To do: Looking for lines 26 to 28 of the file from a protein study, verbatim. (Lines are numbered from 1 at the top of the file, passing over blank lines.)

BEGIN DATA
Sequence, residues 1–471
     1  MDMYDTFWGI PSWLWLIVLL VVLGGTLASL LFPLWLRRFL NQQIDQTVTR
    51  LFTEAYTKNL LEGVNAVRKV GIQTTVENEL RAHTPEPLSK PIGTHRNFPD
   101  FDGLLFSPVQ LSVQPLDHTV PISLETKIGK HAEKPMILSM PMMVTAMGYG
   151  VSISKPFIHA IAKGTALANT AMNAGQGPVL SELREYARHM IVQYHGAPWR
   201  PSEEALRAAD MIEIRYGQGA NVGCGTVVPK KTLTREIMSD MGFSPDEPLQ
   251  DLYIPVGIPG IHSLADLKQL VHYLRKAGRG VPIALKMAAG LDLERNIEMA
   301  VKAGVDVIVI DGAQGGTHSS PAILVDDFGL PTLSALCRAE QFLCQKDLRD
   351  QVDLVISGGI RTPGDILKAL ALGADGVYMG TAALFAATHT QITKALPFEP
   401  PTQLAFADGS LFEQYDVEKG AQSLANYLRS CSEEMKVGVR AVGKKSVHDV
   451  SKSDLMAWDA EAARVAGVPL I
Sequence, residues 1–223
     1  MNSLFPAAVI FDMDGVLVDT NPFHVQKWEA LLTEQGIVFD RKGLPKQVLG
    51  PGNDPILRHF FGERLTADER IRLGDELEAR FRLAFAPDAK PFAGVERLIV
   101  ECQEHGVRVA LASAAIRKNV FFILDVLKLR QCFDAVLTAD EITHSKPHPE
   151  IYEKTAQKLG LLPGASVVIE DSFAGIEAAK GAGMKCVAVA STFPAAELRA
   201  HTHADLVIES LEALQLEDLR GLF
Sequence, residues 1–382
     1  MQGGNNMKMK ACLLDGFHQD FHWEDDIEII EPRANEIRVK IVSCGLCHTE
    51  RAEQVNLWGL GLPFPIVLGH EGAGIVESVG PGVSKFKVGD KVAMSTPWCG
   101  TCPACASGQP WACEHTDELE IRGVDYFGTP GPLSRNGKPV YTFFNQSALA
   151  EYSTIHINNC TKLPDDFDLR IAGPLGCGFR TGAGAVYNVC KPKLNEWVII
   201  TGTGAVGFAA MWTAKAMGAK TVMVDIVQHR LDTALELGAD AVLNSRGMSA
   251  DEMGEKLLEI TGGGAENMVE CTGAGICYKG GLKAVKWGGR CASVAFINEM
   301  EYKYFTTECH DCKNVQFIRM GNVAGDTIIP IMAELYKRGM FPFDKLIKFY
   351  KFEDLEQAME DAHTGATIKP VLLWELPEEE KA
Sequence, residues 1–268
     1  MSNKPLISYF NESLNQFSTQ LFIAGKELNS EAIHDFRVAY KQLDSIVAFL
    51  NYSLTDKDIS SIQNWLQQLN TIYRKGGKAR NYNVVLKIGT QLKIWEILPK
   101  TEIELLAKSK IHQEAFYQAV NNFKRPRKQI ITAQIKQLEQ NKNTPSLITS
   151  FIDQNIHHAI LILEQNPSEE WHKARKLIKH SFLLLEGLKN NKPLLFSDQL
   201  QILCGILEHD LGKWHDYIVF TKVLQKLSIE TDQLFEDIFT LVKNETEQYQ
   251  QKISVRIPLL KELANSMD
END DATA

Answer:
   351  KFEDLEQAME DAHTGATIKP VLLWELPEEE KA
Sequence, residues 1–268
     1  MSNKPLISYF NESLNQFSTQ LFIAGKELNS EAIHDFRVAY KQLDSIVAFL